Animal domestication


Our time is over rational, logical to the absurd, devoid of any magic horizon. We forgot our right brain, which atrophies. We neglect the wonders it offers. We despise those who enjoy some, drug addicts, mystics and madmen. 

And yet … Since ancient times, in all parts of the world,
many men and women have followed the path of the shaman.

 In what mysterious activities were indulging those who painted those Sixtine chapels of prehistory, Altamira, Lascaux, Niaux?




“The representations have a hieratic depth, they are full of religious force, and thus they can clearly be classified as Sacred Art. Works such as Altamira or Niaux are more than just works of art and must be considered and appreciated in terms of philosophy and deep problems of humanity.” (source)Miguel Garcia Guinea, professor at Santander University Some sacred art, no doubt. Even shamanism. 

Drawing silhouettes, and other figures on the first ones, setting animals in the web of their signs, shamans have established with the beasts unbreakable links which, several years later, will give birth to the pets. In their caves, the shamans of the Ice Age have prepared the revival of the great agricultural spring. 

While the humans were trying to escape the nuclear winter that lasted a hundred thousand years, while the mole-men lived in tunnels and caves, while the People of the Inside led the men to the Center-Earth, the shamans had come closer to the surface. They tried to reconnoitre outside as soon as the vegetation had recovered its rights. They recognized bison, wild horse, large deer, mammoth, lion and wild dogs. They linked with the egregor of all the beasts. Sometimes the link has held. Other times, he broke up. Nevertheless, all the animals on our farms have been harnessed by the great shamans of the forgotten times. They made a pact with the egregores of each species.



They invoked the group soul of the horse, they made a pact with her, and the horse became our ally, a pet. In exchange, the man gives it love, respect and protection.

 “An egregore is, in esoterism, a concept referring to a “group spirit”, an autonomous psychic entity or a force produced and influenced by the emotions and desires of many individuals united in a common goal. This living force would function then as an autonomous entity. The term originated in the Hermetic tradition before being taken up again by the Surrealists, who gave it a real subversive potential.” (source)Wikipedia The egregore they are talking about here refers to the group-soul of the animals.

 “While man is characterized by an individual soul, the animals have a group-soul, the egregore, which determinates the destinies of each species.” (source)Rudolf Steiner After the Horse, the shamans of the painted caves have made the same pact with the egregore of the Bison.




From Tatankaname of the sacred buffalo in Sioux Lakota the sacred buffalo are born our placid bovines.

Of course, I don’t say that the former gods didn’t play any part in this evolution. I think their vast knowledge of genetics has allowed them to design better-suited species for farm work. It was their interest that the oxen and the horses work for them. So they sent their best geneticists to their labs, and new animal species were started. Draft and plowing animals were needed for humans to produce all kinds of vegetables and fruits. Field work requires both human and animal livestock.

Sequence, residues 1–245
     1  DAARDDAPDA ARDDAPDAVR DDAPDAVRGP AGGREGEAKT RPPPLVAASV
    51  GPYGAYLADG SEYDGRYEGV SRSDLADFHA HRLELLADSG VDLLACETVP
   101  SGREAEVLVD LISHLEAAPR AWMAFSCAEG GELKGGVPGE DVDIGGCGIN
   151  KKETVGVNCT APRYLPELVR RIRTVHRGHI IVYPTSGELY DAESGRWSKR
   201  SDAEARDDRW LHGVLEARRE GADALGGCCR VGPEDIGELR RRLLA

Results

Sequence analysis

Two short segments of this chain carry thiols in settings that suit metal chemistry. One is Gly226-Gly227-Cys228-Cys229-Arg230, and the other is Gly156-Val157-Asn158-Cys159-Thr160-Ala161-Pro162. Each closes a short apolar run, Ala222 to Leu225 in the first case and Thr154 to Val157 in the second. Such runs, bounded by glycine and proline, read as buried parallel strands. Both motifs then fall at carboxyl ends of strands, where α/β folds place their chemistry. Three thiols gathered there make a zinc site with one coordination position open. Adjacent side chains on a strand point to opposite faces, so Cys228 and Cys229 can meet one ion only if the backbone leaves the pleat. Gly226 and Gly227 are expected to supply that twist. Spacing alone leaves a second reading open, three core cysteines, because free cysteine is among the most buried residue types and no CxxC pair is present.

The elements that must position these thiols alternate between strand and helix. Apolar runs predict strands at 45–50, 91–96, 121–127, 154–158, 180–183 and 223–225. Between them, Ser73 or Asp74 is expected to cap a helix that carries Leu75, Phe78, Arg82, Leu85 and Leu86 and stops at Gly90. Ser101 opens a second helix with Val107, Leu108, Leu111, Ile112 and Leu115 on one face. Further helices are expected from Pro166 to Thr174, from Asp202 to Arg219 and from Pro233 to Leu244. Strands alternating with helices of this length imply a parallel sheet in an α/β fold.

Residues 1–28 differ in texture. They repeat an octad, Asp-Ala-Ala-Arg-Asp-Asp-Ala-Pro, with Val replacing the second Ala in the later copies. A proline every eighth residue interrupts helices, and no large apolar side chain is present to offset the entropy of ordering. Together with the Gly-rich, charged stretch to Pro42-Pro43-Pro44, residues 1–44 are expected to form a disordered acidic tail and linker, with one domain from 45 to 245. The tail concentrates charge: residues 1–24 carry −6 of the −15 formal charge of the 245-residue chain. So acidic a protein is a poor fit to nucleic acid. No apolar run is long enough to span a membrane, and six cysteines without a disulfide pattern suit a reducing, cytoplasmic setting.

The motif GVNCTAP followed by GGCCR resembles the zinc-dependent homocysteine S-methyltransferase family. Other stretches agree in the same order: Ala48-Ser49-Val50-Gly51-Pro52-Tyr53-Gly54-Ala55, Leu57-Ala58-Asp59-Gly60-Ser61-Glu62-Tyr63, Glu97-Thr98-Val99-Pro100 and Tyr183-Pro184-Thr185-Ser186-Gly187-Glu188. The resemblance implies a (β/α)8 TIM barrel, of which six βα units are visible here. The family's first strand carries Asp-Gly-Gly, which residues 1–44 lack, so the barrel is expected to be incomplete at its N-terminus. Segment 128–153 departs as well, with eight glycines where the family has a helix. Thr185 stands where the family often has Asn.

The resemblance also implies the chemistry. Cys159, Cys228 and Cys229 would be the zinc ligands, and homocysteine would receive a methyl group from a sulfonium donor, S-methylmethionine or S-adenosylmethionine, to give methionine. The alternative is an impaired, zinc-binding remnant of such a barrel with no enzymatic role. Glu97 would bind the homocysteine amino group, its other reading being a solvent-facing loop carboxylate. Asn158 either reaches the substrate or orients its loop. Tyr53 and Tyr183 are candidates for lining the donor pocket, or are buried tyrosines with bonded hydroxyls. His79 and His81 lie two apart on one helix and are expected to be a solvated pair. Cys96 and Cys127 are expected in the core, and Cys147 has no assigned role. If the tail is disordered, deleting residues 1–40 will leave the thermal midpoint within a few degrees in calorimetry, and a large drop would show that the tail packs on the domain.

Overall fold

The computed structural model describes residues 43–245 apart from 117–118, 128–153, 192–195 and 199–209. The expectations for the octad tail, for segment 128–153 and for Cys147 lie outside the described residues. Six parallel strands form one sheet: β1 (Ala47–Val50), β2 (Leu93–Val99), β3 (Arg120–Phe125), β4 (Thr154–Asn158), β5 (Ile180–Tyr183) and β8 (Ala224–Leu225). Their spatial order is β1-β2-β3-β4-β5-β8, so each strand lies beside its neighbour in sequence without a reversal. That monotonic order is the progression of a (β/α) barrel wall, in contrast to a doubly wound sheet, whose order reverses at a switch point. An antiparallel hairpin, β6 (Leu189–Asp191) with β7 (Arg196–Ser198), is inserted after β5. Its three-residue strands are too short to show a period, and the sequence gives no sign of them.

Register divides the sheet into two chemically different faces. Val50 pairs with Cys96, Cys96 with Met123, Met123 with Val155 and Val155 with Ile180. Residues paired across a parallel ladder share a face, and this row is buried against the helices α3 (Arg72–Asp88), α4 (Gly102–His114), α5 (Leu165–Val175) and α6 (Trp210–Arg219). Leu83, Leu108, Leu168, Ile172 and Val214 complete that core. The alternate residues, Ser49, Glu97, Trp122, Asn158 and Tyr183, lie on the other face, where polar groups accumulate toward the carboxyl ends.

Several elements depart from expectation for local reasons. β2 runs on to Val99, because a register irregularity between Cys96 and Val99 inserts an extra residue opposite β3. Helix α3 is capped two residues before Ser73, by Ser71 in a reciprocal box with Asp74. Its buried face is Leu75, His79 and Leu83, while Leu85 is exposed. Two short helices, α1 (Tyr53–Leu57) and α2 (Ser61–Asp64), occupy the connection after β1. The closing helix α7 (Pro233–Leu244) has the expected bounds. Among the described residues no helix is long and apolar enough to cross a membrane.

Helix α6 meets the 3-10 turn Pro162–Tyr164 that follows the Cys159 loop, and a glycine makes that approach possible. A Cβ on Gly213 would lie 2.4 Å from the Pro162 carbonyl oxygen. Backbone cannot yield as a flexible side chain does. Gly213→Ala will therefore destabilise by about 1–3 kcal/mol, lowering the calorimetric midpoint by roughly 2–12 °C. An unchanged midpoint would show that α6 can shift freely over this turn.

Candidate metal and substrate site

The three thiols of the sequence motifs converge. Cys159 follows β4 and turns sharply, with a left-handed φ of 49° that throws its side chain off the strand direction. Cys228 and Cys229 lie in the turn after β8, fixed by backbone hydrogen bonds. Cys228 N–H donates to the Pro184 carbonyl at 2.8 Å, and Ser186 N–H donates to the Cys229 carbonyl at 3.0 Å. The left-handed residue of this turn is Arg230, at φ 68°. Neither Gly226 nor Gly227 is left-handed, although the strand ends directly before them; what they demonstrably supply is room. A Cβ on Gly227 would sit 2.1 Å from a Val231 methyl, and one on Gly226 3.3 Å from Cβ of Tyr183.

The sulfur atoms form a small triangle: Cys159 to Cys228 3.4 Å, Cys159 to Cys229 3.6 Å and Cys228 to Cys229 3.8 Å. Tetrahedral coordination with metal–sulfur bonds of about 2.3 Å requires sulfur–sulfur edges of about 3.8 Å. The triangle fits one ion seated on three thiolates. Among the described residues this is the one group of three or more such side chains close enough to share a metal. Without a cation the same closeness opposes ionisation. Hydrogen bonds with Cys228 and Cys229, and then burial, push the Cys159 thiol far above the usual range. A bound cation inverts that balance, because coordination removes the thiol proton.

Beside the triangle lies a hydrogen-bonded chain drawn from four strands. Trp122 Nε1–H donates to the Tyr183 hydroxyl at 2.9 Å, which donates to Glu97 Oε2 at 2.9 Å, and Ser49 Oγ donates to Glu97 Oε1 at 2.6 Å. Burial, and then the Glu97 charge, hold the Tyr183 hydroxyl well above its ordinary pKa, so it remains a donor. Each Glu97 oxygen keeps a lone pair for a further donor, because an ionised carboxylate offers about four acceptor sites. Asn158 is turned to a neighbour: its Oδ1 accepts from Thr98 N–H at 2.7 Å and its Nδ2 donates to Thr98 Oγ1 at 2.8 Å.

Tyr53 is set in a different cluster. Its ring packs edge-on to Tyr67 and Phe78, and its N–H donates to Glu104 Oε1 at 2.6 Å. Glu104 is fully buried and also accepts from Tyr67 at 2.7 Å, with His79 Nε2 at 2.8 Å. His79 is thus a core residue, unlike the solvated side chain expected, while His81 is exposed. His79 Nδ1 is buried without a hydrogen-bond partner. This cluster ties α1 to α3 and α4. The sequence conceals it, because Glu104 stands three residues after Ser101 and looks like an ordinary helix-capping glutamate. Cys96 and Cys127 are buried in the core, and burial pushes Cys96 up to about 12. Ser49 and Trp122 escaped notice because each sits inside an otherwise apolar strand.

A lot of meat was needed, eggs, honey and milk. First to feed the gods and their angels, the rest for the humans and the rejects for the cattle. This way of doing things is always in practice. It comes from the example given by the gods before. But genetics is not everything. And that’s where the shamans and witches came in.

With that of the Bees, the egregore of the Bull was the first pact made. The rivers of milk and honey that flowed in the Garden of Eden tell the domestication of cows and bees. Then the shamans of the painted caves resumed their rituals. They made a pact with many species. Some of them, although they are represented in cave paintings, have resisted domestication, such as gazelles and rhinos.

Conversely, several wild species domesticated at that time have since regained their freedom. Thus the beaver was formerly a pet. Rustic, hardworking, good diver, lumberjack and carpenter, the men have long used it to build their dams and their log huts. Everything the beaver knows, the man taught it. All that the beaver knows, the man has taught him once. All that man knows, the visiting gods taught him once. But the beaver chose to have its freedom back; he has nevertheless cultivated its talent of builder, which closely resembles our own.

Another example, the dolphin, that man has long used for fishing and sea rescue. In some Polynesian atolls, the dolphins are still allies of fishermen by driving schools of fishes in their nets. Cooperation is easier between dolphins and humans. Formerly all ships were escorted by a band of dolphins in charge of rescuing the men in the sea, a task in which they excel yet, as taught us La Fontaine in the fable The monkey and the dolphin.

Here it is we who have forgotten them. Not them.



Any sufficiently advanced technology is indistinguishable from magic. (Arthur C. Clarke)


The world is wide but inside it is as deep as the sea.
Rainer Maria Rilke